Gene family namea SeqIDb _ê~ëëáÅ~ geneC=
Cold Salt DroughtAGI no. %ID Gene name Cold Salt Drought
Up AT1G2837088 ^qbocNN= Up* Up* Up*
Down* Down DownAT5G61590 92 = Down* DownDown
Up*AT5G5199088 `_cQ=L=aob_Na= Up* Up*
Up&down Down&up Up&down
AT4G2549085 `_cN=L=aob_N_= Up* Up* Up*
Up*UpUp AT3G1521093 ^qbocQ=L=o^mOKR= Up Up* Up
UpUpUp*AT5G0541084 aob_O^= Up* Up*
AT4G2549084 `_cN=L=aob_N_= Up* Up* Up*
Up*AT5G0541086 aob_O^= Up* Up*
Up AT1G2837088 ^qbocNN= Up* Up* Up*
AT2G1830087 ^íÄeieSQ= Down* Down*Down
Down Down Down*AT3G5906089 ^íÄeieSR=L=mfcR=L=mfiS= Down* Down* Down*
Up*AT2G4651089 ^íÄeieNT= Up* Up* Up*
AT4G3453085 ^íÄeieSP=not assayed (na) na na
AT5G3986091 mobN=Down DownDown
Down*Down* Down*AT2G1830090 ^íÄeieSQ= Down* Down*Down
UpUp*AT2G4627091 ^íÄwfmRR=L=d_cP=Up Up* Up Basic region leucine
Up*AT4G3459091 ^íÄwfmNN=L=^q_O=L=d_cS=Up Up
Cupin super family BRAS0001S00019512
Up*Up*Up*AT3G2081092 =Down Down&upDown&up*
Down* Down DownAT4G3896088 =
Up*Up*Up*AT5G4825095 `liNM= Up* Up Up
Down*AT1G2544087 `liNS=Na Na Na
Down*AT1G6852089 `liS= Down* Down
Up*Up*Up AT3G0765094 `liV= Up* Up Up
Down Down*AT5G1585085 `liN= Up* DownDown
Down*AT4G1614192 =Na Na Na
Up AT1G2773087 w^qNM= Up* Up* Up*
AT5G5982084 w^qNO=L=oeiQN= Up* Up* Up
BRAS0001S00014584 _åwcO=Up*UpUp*AT5G0434083 w^qS= Up* Up* Up
AT5G5982086 w^qNO=L=oeiQN= Up* Up* Up
Down Down Down*AT5G4419090 ^qdihO=L=dmofO=Down Down
AT3G0299083 ^qepc^Nb====Up Up*
Up*Up*Up*AT2G4668089 ^qe_JT=Up Up*
Down Down* Down*AT2G4683085 ``^N= Up* Down* Down*MYB
Down*AT3G4613090 ^qjv_QU=L=jv_NNN= Down* Down*Down
Up*AT1G6949089 ^k^`MOV=L=^qk^m=Up Up* Up
UpUpUp*AT3G1550086 ^k^`MRR=L=^qk^`P=Up Up* Up
BRAS0001S00010332 _åk^`QUR=Up*Up*Up*AT4G2741096 ^k^`MTO=L=oaOS= Up* Up* Up
BRAS0001S00014457 _åk^`NU=UpUpUp*AT1G0172089 ^k^`MMO=L=^q^cN=Up Up* Up
Up*Up*Up*AT1G5289087 ^k^`MNV=Up Up* Up*
BRAS0001S00017334 _åk^`NQ= UpUpUp*AT1G7745091 ^k^`MPO== Up* Up* Up
Down*AT1G1185094 =Down Down
AT4G2381087 ^qtohvRP=Up Up* Up
Up AT1G8084089 ^qtohvQM= Up* Up* Up*
Up*UpUp AT1G8084090 ^qtohvQM= Up* Up* Up*
Up AT2G3847090 ^qtohvPP=Up Up* Up
aName of transcription factor family based on classification of ^ê~ÄáÇçéëáë homologous gene in TAIR (http://www.arabidopsis.org/)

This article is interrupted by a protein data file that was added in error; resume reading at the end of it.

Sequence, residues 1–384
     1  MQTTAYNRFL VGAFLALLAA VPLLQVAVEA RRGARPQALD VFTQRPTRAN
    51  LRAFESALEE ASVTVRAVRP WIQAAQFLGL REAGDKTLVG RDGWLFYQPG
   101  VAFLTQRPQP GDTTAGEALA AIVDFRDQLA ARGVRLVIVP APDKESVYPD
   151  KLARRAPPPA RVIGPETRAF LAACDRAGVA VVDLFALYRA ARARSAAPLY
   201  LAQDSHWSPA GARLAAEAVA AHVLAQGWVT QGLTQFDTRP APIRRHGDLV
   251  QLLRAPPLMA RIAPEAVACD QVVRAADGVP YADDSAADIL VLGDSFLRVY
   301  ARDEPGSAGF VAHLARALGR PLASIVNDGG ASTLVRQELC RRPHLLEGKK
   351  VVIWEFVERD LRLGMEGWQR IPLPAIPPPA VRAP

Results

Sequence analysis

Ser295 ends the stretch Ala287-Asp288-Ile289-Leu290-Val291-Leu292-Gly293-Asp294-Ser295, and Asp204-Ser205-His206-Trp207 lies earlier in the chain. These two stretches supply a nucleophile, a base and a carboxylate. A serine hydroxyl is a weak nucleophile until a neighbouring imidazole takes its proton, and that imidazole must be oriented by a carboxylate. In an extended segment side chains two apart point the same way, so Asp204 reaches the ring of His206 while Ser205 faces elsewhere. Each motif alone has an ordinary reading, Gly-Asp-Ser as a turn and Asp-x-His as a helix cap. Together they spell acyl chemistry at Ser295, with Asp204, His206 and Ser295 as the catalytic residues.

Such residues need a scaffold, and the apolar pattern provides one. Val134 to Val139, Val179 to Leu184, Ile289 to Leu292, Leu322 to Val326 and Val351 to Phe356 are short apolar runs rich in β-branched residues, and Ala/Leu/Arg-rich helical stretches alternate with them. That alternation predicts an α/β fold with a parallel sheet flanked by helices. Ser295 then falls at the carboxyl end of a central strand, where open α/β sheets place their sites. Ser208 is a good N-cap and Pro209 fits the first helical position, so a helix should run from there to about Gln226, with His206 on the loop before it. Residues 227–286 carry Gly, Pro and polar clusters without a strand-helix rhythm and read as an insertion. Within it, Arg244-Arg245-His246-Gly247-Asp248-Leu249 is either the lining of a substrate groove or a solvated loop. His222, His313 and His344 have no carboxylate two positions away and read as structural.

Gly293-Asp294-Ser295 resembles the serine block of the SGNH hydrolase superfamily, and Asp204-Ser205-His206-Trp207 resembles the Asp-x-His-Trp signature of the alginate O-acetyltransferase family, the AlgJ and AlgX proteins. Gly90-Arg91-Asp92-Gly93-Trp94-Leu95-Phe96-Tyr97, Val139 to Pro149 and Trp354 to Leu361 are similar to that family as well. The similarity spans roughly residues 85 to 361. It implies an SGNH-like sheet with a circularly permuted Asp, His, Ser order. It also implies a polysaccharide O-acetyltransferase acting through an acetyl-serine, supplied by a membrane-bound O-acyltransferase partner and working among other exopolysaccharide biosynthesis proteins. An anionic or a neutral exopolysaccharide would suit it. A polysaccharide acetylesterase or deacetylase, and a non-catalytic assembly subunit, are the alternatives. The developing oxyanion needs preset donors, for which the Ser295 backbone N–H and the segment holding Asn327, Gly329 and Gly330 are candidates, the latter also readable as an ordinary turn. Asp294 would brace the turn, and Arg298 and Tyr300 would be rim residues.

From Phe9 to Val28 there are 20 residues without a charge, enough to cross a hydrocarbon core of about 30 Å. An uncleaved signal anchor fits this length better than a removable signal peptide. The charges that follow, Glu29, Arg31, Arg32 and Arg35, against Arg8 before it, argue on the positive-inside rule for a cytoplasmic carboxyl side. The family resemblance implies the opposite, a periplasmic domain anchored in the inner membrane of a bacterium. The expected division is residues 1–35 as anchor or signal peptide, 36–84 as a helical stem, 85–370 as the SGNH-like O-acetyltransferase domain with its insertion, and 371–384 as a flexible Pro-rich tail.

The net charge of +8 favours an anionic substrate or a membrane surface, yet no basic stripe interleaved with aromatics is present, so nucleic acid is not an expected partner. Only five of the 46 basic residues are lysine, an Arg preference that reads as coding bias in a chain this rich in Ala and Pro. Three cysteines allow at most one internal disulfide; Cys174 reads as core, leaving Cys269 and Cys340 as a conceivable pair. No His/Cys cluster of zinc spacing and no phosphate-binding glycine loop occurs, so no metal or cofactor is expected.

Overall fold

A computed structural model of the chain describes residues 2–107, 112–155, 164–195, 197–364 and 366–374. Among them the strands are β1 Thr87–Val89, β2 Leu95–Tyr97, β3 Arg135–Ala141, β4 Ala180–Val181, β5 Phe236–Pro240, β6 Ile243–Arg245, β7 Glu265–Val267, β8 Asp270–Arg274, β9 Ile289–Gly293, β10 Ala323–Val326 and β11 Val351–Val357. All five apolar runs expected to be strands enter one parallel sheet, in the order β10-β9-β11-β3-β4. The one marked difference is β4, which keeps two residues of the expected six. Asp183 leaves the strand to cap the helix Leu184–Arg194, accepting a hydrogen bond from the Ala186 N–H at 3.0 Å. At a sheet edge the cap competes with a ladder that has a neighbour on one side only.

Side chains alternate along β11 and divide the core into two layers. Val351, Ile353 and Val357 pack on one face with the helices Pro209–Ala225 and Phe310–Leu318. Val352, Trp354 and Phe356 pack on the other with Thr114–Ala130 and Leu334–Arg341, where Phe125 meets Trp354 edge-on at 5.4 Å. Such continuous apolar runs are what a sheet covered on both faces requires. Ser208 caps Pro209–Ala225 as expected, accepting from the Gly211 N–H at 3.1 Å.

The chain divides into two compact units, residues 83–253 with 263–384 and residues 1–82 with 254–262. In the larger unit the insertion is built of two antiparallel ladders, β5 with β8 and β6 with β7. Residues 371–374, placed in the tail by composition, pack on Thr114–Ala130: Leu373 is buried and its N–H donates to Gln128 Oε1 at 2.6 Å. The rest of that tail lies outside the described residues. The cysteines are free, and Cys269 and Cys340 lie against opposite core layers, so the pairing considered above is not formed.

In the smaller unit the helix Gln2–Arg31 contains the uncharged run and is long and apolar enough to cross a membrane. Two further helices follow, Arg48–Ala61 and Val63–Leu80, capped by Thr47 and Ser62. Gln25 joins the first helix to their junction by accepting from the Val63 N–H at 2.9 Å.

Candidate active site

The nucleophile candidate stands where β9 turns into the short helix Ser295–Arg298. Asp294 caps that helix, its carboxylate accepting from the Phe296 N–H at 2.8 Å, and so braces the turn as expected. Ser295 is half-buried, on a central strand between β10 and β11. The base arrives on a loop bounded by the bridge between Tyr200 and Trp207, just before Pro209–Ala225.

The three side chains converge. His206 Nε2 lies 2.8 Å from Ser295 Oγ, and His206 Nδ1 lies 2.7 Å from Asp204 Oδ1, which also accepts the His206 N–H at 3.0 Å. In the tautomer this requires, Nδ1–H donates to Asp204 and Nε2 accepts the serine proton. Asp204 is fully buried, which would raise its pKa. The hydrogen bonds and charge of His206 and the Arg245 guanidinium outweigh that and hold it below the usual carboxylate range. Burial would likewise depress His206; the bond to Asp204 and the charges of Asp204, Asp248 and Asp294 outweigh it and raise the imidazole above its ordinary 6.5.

bUnique designation provided by NimbleGen for each probe sequence on _K=ê~é~ KBGP-24K chip
cReported _ê~ëëáÅ~ gene that was encoded by the selected gene in this study
dRegulation of the selected gene by cold (4°C), salt (250 mM NaCl), and drought (air-dry) from microarray analyses in this study. Blank line indicates no-
response when judged by more than 2-fold change.
e^ê~ÄáÇçéëáë homologous gene identified by blast search using nucleotide sequence of the _K=ê~é~ gene as a query
fRegulation of ^ê~ÄáÇçéëáë homologous gene by cold (4°C), salt (150 mM NaCl), and drought (air-dry) from AtGenExpress database. Blank line indicates
no-response when judged by more than 2-fold change. up* and down* indicate that the gene showed more than 5-fold up- and down-regulation under
indicated stress, respectively. Up&down and down&up indicate that expression of the gene was transiently up- and down-regulated and down- and up-
regulated under indicated stress, respectively.
602 Transcriptome Analysis in _ê~ëëáÅ~=ê~é~
Fig. 5. Hierarchical cluster display of 60 commonly responsive genes. Sixty genes responsive to all of cold, salt, and drought treatment were
grouped into 9 clusters by K-means clustering and their expression changes during cold [cold (0.5 h) to cold (48 h)], salt [salt (0.5 h) to salt (48
h)], and drought [dr (6 h) to dr (48 h)] treatment were displayed with color bar. The color scale bar shown upper the cluster indicates the maxi-